Increased colonic pain sensitivity in irritable bowel syndrome is the result of an increased tendency to report pain rather than increased neurosensory sensitivity

Spencer D. Dorn, Olafur S. Palsson, Syed I.M. Thiwan, Motoyori Kanazawa, W. Crawford Clark, Miranda A.L. Van Tilburg, Douglas A. Drossman, Yolanda Scarlett, Rona L. Levy, Yehuda Ringel, Michael D. Crowell, Kevin W. Olden, William E. Whitehead

研究成果: Article査読

137 被引用数 (Scopus)

抄録

Objective: The aim was to determine whether lower visceral pain thresholds in irritable bowel syndrome (IBS) primarily reflect physiological or psychological factors. Methods: Firstly, 121 IBS patients and 28 controls underwent balloon distensions in the descending colon using the ascending methods of limits (AML) to assess pain and urge thresholds. Secondly, sensory decision theory analysis was used to separate physiological from psychological components of perception: neurosensory sensitivity (p(A)) was measured by the ability to discriminate between 30 mm Hg vs 34 mm Hg distensions; psychological influences were measured by the report criterion - that is, the overall tendency to report pain, indexed by the median intensity rating for all distensions, independent of intensity. Psychological symptoms were assessed using the Brief Symptom Inventory (BSI). Results: IBS patients had lower AML pain thresholds (median: 28 mm Hg vs 40 mm Hg; p<0.001), but similar neurosensory sensitivity (median p(A): 0.5 vs 0.5; p = 0.69; 42.6% vs 42.9% were able to discriminate between the stimuli better than chance) and a greater tendency to report pain (median report criterion: 4.0 ("mild" pain) vs 5.2 ("weak" pain); p = 0.003). AML pain thresholds were not correlated with neurosensory sensitivity (r = -0.13; p = 0.14), but were strongly correlated with report criterion (r = 0.67; p<0.0001). Report criterion was inversely correlated with BSI somatisation (r = -0.26; p = 0.001) and BSI global score (r = -0.18; p = 0.035). Similar results were seen for the non-painful sensation of urgency. Conclusion: Increased colonic sensitivity in IBS is strongly influenced by a psychological tendency to report pain and urge rather than increased neurosensory sensitivity.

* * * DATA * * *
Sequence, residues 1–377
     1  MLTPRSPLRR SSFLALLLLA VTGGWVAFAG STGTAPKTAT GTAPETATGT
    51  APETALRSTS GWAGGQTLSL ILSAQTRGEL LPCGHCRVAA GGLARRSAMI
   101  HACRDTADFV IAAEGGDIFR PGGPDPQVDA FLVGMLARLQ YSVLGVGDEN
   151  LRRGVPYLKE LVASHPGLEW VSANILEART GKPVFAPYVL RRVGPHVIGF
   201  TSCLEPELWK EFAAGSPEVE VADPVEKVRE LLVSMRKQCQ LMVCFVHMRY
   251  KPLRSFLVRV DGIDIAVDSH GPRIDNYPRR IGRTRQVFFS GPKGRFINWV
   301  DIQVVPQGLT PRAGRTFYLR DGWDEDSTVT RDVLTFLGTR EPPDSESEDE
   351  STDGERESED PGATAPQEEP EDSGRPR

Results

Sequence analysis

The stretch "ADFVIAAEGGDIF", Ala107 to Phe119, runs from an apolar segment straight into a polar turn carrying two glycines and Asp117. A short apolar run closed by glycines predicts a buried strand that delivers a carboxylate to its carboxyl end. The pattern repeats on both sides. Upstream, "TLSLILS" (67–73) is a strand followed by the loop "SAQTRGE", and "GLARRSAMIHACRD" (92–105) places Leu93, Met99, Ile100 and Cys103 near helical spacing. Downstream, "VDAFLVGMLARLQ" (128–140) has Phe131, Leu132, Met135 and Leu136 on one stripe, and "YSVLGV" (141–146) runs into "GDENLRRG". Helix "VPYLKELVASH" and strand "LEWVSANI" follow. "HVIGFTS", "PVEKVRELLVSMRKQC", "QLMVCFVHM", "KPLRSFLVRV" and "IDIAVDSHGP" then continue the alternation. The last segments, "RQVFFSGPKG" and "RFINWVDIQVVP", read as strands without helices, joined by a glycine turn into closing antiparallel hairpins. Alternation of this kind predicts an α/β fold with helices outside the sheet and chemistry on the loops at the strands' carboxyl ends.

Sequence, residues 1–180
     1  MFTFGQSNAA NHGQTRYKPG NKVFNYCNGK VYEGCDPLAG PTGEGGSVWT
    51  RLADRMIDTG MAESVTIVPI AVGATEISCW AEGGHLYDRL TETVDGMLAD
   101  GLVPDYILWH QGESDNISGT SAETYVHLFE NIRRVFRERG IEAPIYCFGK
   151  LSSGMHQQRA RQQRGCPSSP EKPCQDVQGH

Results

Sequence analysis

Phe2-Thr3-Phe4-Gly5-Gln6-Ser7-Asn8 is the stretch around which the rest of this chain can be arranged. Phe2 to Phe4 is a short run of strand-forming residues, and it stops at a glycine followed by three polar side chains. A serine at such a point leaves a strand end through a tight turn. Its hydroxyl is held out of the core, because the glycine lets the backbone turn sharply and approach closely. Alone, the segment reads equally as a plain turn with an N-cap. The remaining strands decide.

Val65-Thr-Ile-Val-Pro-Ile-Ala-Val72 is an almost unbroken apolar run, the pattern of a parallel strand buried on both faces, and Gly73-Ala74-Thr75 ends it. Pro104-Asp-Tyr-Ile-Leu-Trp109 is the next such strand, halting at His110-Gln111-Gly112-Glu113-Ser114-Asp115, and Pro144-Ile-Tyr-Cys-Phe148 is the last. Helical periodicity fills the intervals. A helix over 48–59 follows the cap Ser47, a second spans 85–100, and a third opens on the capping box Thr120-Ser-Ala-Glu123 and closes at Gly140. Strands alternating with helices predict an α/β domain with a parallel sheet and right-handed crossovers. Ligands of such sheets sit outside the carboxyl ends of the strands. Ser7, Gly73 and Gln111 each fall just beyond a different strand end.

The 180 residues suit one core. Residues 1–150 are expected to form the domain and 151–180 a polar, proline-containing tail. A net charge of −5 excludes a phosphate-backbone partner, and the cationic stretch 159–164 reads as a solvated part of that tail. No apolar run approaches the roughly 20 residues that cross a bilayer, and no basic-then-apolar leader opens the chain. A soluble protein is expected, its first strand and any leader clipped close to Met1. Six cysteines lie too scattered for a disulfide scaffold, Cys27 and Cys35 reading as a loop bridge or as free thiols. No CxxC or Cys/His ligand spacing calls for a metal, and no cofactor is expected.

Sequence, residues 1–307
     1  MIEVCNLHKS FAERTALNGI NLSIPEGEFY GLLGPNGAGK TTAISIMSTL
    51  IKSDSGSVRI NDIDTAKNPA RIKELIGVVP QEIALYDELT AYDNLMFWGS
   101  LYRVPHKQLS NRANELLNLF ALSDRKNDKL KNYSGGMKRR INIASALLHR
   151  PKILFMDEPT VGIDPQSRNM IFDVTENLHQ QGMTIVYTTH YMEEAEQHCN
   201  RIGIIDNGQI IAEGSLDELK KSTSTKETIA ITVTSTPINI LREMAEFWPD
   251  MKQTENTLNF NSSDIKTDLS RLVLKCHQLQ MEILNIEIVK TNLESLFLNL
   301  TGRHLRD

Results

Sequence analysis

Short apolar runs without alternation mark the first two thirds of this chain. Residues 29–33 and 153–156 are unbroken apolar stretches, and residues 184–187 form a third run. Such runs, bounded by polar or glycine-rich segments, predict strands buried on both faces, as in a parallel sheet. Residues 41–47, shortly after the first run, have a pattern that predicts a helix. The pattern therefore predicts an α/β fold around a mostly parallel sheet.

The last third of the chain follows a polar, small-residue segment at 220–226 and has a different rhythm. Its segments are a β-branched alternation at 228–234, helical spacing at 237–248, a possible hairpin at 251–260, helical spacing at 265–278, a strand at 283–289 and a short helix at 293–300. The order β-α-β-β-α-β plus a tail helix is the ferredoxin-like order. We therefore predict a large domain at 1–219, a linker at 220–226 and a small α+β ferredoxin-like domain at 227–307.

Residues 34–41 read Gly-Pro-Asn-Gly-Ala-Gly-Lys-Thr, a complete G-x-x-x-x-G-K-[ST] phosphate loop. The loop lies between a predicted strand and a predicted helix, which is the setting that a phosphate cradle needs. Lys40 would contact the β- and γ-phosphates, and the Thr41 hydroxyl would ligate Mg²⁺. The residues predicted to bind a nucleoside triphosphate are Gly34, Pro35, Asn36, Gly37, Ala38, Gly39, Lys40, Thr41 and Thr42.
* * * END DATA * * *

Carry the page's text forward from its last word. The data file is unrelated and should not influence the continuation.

本文言語English
ページ(範囲)1202-1209
ページ数8
ジャーナルGut
56
9
DOI
出版ステータスPublished - 2007 9

ASJC Scopus subject areas

  • 消化器病学

フィンガープリント

「Increased colonic pain sensitivity in irritable bowel syndrome is the result of an increased tendency to report pain rather than increased neurosensory sensitivity」の研究トピックを掘り下げます。これらがまとまってユニークなフィンガープリントを構成します。

引用スタイル